Last year wasn't good for small-molecule drug developers like Array BioPharma (Nasdaq: ARRY). Earlier this week, Rule Breakers pick Array released its 2007 year-end financial results, giving guidance for what looks like another busy year.

Array's big news last year was the underwhelming results of its lead drug, potential MEK inhibitor and oncology compound ARRY-886, in a phase 2 trial run by partner AstraZeneca (NYSE: AZN). The drug is not dead in the water yet; there are many other clinical trials under way for it in various cancer indications. Obviously, though, its lack of superior efficacy in its lead cancer studies portends poorly for the drug's future.

Besides ARRY-886, Array will advance the six in-house drugs in its pipeline in 2008. Phase 2 results are due within the next six months for several of those candidates, including inflammation and pain treatment drug ARRY-797. Array's hepatitis C protease inhibitor, out-licensed with InterMune (Nasdaq: ITMN), will finally produce its first efficacy clinical trial data soon.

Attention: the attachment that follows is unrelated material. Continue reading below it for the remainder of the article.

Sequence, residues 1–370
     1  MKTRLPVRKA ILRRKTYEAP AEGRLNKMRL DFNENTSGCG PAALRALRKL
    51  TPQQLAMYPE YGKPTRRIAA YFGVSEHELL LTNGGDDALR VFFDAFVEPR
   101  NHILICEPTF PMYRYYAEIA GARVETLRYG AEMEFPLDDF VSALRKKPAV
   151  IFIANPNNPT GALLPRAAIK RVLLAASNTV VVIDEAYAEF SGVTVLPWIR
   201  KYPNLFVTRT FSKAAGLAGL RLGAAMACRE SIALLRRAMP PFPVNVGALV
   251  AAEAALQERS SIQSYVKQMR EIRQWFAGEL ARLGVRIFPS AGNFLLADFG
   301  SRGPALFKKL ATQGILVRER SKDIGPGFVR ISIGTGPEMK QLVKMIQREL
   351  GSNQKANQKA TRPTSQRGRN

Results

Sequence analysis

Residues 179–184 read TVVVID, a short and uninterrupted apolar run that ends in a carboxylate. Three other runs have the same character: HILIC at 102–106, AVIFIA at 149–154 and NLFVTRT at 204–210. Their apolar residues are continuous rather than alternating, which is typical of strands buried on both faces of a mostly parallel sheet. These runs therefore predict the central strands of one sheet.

Array started 2008 with $142 million in cash and equivalents on its balance sheet, which should be enough to get it through the year without needing to raise more funds. That's important, considering how depressed its share price is at present. Trying to raise cash now would significantly dilute current shareholders.

Recent months haven't been kind to investors in the small-molecule drug-discovery business. All of the specialized drug-discovery powerhouses without drugs on the market are trading at or near 52-week lows right now, including Exelixis (Nasdaq: EXEL) and Pharmacopeia (Nasdaq: PCOP). Aside from Array, these shares' weakness doesn't owe to any particular clinical-trial failures, either. With development-stage pharmas currently out of favor, investors seem to be demanding proof of these companies' performance before they'll bid the shares back up again.

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Fool contributor Brian Lawler does not own shares of any company mentioned in this article. The Fool's disclosure policy aced its phase 3 trials.